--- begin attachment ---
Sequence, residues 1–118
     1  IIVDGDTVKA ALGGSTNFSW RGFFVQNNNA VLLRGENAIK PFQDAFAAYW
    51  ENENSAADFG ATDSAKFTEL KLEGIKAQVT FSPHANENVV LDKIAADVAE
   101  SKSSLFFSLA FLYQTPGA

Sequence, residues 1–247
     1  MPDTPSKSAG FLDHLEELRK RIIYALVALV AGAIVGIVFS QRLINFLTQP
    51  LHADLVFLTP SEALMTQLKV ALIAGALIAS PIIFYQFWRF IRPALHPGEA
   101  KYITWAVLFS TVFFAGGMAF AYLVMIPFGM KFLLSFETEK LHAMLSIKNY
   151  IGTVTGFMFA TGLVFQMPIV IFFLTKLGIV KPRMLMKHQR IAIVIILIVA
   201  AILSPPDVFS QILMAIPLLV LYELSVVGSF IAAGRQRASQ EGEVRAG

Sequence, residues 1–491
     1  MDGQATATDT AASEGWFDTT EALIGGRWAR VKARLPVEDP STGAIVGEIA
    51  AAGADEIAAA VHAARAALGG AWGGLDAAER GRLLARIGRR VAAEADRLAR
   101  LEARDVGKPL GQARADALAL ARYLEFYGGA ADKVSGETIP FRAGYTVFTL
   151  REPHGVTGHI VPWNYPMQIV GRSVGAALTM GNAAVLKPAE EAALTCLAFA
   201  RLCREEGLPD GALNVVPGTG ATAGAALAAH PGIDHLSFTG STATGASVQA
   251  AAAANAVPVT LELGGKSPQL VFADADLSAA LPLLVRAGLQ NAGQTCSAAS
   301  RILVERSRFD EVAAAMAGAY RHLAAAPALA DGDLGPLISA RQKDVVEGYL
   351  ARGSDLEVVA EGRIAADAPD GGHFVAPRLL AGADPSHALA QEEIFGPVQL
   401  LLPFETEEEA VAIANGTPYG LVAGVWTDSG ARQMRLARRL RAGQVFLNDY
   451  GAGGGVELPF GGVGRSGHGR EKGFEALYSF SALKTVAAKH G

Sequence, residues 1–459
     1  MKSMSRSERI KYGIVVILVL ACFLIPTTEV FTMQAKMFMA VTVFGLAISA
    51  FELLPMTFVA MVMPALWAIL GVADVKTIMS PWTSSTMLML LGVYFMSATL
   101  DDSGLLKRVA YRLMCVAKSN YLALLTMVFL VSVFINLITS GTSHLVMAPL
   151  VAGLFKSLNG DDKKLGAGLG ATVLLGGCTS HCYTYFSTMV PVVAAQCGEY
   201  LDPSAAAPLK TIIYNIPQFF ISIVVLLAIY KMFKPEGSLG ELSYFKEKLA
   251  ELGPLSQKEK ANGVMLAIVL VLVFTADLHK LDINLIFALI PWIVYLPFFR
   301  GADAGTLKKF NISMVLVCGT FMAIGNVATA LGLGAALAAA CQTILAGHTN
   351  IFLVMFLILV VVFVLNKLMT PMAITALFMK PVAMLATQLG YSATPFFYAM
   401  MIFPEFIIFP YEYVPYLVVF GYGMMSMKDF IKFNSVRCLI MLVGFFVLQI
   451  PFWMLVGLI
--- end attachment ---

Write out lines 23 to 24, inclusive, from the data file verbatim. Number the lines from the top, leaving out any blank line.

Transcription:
     1  MKSMSRSERI KYGIVVILVL ACFLIPTTEV FTMQAKMFMA VTVFGLAISA
    51  FELLPMTFVA MVMPALWAIL GVADVKTIMS PWTSSTMLML LGVYFMSATL